Last spring I was getting a flood of emails from hacked email accounts 🙁
Because we are regularly emailing close to 10,000 Instructors, my email address is in all those contact lists. When an account is compromised, the first thing the hackers do is send an email to everyone on your list. That email typically includes a nasty link that, when your mom/dad/babysitter or club department head clicks, could infect their computer with a virus or worse... like taking complete control of your computer.
It even happened to me - an old yahoo.com email I haven't used in years started sending out spam emails. Embarrassing to say the least.
I wrote two posts here & here about the importance of using a good/strong password to prevent this from happening to you. Here were my suggestions.
... take your existing password (if it has 8 or more letters) and add one capital letter and two special characters.
So “password” would be greatly improved by changing it to “@Password!”
Another option would be to combine three easy to remember words, separated by special characters. The three girls in my life are Amy, Abby and Carly so a reasonably secure password could be Amy&Abby&Carly. You can use your first name, your dog”™s name and your city or any other three words and special character combination.
One more suggestion — You may have heard you should have a different password for every website — unrealistic. But I personally use a few different passwords, depending on the type of website where I have a user name.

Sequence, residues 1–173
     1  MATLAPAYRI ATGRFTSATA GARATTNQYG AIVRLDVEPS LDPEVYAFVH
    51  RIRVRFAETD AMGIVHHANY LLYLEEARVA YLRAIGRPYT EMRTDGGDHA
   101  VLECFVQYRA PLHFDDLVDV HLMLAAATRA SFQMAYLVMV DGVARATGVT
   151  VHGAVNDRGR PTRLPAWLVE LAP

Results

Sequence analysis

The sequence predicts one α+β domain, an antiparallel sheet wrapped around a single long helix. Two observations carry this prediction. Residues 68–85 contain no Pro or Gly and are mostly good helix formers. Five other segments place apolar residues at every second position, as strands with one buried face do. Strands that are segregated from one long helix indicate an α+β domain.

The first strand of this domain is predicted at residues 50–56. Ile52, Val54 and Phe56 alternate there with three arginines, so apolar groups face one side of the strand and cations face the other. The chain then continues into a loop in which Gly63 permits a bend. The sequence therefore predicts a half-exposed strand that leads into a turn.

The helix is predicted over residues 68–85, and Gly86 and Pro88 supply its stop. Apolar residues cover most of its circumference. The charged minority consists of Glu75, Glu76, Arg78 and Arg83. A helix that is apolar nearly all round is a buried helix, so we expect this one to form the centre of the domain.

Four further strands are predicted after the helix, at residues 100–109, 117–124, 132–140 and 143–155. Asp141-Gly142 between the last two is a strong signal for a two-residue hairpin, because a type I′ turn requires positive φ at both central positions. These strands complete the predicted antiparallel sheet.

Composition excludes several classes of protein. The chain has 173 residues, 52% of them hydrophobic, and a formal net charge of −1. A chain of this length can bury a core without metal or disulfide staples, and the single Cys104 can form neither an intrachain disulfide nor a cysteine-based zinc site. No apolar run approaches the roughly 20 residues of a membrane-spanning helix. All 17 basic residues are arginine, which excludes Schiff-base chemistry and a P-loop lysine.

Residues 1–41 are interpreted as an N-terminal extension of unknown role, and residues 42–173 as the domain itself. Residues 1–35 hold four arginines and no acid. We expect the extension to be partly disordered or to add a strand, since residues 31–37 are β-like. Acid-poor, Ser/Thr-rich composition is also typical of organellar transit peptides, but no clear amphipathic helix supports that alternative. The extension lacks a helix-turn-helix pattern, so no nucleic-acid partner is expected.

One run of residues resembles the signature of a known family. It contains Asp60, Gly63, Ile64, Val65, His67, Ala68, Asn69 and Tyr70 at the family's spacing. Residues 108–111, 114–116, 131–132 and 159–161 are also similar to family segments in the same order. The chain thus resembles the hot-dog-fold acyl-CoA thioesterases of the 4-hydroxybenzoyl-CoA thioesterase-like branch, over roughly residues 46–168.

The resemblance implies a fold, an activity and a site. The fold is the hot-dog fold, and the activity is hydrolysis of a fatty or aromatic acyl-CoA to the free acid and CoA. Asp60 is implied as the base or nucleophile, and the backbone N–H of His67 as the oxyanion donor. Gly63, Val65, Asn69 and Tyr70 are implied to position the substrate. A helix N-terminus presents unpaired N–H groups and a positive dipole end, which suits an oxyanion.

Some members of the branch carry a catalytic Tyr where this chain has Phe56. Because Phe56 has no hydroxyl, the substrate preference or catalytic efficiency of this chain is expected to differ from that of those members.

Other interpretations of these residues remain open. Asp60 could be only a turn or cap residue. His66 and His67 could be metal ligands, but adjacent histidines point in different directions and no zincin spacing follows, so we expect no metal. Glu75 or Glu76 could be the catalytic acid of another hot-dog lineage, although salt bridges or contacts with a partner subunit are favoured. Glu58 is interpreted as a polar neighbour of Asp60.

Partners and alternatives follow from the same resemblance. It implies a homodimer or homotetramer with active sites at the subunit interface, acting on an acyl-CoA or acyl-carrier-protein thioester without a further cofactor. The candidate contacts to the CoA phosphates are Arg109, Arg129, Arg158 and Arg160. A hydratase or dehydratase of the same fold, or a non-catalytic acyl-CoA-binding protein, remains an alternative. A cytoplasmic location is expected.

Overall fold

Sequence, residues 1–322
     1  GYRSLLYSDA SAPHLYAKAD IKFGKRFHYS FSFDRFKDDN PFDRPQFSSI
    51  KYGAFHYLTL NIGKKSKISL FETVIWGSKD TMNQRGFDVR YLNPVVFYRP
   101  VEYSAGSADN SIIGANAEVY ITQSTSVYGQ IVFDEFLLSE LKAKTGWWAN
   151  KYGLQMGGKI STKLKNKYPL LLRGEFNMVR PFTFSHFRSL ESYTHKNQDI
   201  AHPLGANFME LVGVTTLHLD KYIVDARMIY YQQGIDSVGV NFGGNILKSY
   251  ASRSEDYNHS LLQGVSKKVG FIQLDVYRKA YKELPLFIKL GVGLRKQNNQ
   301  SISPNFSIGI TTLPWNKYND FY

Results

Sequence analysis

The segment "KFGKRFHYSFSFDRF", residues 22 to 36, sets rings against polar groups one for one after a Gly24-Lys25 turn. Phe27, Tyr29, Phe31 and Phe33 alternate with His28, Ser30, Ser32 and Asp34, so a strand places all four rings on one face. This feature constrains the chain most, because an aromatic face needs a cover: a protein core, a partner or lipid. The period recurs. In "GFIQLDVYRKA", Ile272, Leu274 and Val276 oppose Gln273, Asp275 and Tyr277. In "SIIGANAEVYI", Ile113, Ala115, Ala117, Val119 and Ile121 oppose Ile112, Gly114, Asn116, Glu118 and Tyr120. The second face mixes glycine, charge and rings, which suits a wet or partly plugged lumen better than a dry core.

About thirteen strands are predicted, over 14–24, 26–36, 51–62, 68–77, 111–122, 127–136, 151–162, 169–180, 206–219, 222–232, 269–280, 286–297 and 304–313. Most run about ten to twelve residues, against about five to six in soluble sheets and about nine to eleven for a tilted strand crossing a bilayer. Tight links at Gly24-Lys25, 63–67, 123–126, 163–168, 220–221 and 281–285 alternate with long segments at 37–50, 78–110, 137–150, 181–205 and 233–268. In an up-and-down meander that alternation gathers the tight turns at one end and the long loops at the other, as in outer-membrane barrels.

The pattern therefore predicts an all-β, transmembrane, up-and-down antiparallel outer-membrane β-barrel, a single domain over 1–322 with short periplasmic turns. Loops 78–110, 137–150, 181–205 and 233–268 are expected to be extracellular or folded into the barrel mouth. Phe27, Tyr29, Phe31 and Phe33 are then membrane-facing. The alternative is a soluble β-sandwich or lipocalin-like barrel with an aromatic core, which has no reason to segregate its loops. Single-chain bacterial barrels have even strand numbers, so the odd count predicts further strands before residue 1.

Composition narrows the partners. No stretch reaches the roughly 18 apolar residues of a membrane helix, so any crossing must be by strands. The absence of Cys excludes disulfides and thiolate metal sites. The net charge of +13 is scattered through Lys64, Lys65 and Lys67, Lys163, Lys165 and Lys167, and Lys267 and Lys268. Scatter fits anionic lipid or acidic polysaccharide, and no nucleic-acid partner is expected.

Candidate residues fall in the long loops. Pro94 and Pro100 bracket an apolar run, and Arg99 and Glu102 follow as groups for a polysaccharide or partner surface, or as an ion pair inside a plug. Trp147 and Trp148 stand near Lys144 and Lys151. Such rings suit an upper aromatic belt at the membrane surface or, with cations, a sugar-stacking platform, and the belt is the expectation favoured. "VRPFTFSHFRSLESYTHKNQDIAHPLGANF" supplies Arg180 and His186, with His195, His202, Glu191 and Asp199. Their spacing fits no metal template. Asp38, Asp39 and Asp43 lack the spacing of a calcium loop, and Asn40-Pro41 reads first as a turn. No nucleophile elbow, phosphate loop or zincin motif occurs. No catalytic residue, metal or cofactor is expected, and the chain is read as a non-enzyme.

One simple password for sites that don”™t matter (No email or financial data) Here”™s where you can use “password”
One password for important sites (No financial data)
A complex password for each website that has financial, medical or credit data. Create a prefix password and add the name of the institution at the end like; @Password!=visa or @Password!=bank or @Password!=401k
To be clear, my example of @Password!=visa would in actuality be: @Password!=FirstBankVisa but please don't use "password" instead use an easily remembered root word. Password is the number one, err - password and it's the very first word the hackers try.
But how do you know what you've created is really a good/strong password? This online password strength checking tool can tell you the relative security of any password you dream up. Suggest testing a slightly different version of your password - change one digit-just in case this site is an elaborate scam to actually steal passwords. It did come to me from a trusted source... but you never know.
So "password" (without the quote marks) returns:
Which is pretty much like posting your password online, but @Password!
Is a big improvement, while @Password!=FirstBankVisa should be pretty secure.
So until we all have the new iPhone 5S with fingerprint recognition, please protect yourself and change your passwords.
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I tested my usual password. It will take a PC 1000 years to crack my password. Ironically, the password tester on my financial services web site only thinks it is moderately safe.
One question, do you think now that I – and perhaps many others – tested their personal passwords on this site, we are at risk from people hacking this site?